I enjoy living here because nature is relatively predominant, and the cycle of the seasons are very distinct. I truly understand your position on the artificial world that humankind has created; it is anything but natural. However, if you step back from this for a bit, you will see that the Earth is not dying. Although the world of humankind is dying, the Earth will continue.

    Oil is not the problem, either. Imagine the condition of our air and forests if over seven billion people still heated their homes and cooked with wood or coal fires. Oil was the solution if you go back and read about air quality in cities like London a couple of centuries ago. The problem is that we will run out of oil eventually. I will not argue that oil is a perfect solution, though; it is a limited solution.

    Imagine what kind of world we would have if people did not gather together in the artificial environments of urban hubs. Imagine how they could do this without the technology to import food from around the globe to sustain them all-year-round. Certainly the industrial-processed food is poisoning them, but it is better than starving and the pharmaceutical industry provides ample chemicals to counteract health problems from the food. Of course, there are some side-effects associated with the drugs.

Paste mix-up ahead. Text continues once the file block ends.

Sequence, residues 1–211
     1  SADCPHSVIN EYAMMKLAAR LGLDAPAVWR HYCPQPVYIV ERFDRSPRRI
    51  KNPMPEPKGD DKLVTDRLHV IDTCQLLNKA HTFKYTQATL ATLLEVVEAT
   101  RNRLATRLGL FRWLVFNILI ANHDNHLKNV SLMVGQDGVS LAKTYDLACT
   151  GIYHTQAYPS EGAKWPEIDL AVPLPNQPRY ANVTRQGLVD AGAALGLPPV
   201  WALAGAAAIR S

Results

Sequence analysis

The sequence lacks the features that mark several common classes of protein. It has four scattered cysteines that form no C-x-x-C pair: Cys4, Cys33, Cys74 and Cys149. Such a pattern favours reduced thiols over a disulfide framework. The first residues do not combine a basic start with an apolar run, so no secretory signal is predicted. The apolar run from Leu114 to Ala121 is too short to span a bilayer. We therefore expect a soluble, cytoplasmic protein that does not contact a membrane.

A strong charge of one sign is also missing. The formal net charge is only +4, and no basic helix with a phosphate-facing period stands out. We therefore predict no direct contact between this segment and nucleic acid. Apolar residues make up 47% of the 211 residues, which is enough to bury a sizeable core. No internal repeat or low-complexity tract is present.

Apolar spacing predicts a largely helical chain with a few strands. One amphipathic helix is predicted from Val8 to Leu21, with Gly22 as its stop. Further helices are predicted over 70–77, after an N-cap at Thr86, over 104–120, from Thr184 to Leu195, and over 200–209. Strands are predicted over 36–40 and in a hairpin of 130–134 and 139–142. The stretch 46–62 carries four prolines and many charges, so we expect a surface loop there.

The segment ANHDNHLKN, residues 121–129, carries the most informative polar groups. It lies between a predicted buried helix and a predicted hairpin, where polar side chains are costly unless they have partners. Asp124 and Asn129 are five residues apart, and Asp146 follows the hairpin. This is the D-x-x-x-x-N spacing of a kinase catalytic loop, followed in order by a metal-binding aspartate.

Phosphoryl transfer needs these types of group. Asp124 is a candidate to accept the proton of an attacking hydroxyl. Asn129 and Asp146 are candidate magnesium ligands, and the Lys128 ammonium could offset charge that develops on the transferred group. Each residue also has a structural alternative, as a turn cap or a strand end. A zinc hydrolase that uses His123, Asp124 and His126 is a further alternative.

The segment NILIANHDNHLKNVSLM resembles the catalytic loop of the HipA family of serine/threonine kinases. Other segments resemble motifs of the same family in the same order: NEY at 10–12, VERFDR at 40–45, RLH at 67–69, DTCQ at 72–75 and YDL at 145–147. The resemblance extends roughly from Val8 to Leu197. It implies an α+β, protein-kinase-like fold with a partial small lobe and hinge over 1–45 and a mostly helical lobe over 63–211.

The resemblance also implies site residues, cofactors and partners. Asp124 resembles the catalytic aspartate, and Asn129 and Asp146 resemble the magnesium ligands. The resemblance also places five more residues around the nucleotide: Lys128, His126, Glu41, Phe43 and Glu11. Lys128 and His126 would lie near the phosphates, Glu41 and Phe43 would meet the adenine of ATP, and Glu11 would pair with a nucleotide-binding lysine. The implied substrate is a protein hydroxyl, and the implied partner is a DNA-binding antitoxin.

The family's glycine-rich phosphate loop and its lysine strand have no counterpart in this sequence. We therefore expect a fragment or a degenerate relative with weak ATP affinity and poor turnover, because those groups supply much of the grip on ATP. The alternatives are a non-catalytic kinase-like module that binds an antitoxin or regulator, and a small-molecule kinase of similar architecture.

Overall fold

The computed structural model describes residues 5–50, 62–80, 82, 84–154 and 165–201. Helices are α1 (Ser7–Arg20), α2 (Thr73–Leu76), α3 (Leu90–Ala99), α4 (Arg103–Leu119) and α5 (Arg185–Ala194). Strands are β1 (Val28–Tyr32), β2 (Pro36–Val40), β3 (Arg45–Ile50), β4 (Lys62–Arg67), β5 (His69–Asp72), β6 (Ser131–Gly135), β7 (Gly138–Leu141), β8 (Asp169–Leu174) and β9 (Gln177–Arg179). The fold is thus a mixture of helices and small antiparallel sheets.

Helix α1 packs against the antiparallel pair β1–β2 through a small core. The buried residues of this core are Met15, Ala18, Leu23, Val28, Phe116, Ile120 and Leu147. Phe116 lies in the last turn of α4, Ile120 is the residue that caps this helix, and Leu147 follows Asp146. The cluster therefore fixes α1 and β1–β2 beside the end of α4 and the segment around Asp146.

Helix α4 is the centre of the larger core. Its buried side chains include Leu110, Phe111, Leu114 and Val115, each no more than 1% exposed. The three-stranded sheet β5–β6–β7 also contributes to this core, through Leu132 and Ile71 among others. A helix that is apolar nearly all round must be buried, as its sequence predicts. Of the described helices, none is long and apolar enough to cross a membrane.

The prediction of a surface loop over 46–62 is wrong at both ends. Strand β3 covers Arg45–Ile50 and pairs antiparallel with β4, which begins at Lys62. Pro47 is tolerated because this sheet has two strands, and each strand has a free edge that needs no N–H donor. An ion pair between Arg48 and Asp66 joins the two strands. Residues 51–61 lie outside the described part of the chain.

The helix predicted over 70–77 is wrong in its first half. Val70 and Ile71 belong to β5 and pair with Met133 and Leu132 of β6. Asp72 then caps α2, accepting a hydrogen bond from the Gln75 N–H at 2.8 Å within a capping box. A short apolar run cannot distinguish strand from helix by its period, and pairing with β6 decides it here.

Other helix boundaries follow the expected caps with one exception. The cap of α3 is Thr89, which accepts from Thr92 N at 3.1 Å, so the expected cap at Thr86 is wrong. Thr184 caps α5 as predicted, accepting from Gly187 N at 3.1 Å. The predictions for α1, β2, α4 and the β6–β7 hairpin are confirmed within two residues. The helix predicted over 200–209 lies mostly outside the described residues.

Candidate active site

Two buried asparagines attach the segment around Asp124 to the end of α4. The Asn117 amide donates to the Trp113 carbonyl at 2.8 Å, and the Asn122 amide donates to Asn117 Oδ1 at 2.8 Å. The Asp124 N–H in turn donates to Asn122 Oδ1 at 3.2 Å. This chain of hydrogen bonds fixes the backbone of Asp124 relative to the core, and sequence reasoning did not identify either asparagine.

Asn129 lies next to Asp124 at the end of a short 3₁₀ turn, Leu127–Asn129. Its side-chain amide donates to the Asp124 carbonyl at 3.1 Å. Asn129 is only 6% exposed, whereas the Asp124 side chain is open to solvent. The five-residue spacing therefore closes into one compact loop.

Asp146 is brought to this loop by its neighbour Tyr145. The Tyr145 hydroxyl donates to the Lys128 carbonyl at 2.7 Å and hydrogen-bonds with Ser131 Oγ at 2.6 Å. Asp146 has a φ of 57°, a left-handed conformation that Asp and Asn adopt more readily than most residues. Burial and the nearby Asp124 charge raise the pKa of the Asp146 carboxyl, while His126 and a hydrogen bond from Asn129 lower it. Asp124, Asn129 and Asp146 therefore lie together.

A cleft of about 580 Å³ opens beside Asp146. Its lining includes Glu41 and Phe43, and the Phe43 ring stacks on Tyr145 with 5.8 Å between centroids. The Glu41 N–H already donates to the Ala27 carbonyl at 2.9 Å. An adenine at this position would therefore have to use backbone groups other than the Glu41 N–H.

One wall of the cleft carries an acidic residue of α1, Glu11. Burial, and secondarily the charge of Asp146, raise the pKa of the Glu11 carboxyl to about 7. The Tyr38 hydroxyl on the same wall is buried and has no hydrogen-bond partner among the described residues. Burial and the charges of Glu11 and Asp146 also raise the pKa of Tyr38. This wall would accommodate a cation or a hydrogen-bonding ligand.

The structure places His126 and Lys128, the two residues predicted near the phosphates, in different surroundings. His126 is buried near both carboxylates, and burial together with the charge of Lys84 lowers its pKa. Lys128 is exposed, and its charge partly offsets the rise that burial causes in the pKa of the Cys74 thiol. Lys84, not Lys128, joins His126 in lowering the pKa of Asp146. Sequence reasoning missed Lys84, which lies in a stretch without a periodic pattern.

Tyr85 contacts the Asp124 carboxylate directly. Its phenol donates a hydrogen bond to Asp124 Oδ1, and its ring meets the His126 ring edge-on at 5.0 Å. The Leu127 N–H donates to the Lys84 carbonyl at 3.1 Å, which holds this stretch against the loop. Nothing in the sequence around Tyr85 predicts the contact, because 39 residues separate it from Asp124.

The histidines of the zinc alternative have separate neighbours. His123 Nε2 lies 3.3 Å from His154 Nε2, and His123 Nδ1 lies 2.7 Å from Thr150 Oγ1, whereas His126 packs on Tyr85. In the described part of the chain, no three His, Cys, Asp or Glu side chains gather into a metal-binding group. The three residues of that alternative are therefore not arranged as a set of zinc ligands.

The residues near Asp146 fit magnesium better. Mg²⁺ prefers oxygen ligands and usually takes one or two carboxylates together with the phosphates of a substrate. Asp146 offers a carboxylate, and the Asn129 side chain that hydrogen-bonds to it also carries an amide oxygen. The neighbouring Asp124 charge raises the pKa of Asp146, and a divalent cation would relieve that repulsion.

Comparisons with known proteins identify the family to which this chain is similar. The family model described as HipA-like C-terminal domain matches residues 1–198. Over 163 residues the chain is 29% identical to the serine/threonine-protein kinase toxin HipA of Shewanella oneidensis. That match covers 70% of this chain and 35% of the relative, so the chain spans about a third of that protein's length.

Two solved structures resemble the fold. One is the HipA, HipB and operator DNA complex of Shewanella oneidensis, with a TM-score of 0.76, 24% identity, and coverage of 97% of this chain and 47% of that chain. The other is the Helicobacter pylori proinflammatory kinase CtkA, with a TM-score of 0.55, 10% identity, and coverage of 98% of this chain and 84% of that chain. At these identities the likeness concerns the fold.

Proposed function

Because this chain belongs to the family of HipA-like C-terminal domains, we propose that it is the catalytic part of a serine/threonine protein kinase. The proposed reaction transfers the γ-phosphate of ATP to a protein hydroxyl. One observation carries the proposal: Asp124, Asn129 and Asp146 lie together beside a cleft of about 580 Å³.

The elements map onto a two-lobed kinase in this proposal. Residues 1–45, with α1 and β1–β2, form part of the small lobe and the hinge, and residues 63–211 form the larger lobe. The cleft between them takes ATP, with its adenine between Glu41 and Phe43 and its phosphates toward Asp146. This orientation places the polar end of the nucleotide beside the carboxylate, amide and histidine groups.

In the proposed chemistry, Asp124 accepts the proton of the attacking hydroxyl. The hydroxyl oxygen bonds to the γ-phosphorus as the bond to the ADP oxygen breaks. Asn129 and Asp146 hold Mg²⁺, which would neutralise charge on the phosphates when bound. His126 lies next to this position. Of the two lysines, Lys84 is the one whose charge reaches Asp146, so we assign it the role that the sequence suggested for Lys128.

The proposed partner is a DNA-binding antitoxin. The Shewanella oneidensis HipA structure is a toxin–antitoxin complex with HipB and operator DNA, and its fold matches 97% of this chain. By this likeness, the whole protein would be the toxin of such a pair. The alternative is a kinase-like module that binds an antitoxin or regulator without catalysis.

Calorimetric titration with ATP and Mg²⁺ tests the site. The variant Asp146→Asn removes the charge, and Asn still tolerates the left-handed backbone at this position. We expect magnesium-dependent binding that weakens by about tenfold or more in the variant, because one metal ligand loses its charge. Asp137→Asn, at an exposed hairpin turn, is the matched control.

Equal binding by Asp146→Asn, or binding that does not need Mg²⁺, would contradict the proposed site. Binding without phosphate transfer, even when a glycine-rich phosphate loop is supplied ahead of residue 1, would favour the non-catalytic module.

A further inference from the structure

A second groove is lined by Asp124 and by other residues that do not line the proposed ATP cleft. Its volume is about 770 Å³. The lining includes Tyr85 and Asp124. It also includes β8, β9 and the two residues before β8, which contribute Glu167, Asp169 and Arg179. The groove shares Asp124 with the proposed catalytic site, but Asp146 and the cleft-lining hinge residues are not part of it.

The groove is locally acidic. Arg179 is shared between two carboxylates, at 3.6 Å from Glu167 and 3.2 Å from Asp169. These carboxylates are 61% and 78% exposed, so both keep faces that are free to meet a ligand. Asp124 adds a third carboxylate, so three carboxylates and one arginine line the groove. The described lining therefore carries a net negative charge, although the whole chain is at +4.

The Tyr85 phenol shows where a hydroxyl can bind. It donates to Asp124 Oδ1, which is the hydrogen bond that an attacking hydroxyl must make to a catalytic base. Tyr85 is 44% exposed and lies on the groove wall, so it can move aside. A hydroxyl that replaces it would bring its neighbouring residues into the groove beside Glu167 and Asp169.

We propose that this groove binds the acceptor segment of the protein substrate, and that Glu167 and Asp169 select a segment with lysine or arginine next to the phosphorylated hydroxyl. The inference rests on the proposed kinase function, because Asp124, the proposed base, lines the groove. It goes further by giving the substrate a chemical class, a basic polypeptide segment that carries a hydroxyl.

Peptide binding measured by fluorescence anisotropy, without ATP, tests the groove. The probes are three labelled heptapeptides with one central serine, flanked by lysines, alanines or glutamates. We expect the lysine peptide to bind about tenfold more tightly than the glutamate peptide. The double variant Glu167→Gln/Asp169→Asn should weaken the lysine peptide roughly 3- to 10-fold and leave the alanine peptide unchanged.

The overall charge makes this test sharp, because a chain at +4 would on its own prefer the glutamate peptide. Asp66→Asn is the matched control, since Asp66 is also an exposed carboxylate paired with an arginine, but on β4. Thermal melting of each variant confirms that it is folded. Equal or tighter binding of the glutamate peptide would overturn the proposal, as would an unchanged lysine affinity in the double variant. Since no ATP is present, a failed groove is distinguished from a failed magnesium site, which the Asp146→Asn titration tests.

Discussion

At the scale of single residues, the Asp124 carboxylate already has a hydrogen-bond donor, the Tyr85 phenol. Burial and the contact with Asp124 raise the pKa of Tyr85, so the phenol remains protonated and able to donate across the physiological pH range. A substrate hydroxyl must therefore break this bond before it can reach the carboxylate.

The faster the population grows, the faster we deplete our resources. It will not take as long to double the human population as it did to reach the seven billion mark, either. The world of humankind is not sustainable in its current form. Yes our artificial human world is dying, but the Earth will continue long afterward.

    • You mistake my meaning, I think. The world I speak of, which is dying, is the natural world. It dies every year. The Green Man sheds his leaves revealing a bare wooden skull which will be covered in new growth again come spring. Certainly our own efforts have made for an uphill battle against the blight of winter.

      Oil is certainly one of our problems, or a society which has made itself dependent upon oil (and coal) when other better options are readily available. And need I even mention the ongoing rape of the earth thru fracking?

  4. Isabeau D'anjou 1981

    and in my world it is spring equinox this weekend and all the beauty and hope that Ostara brings with new beginnings and reawakenings…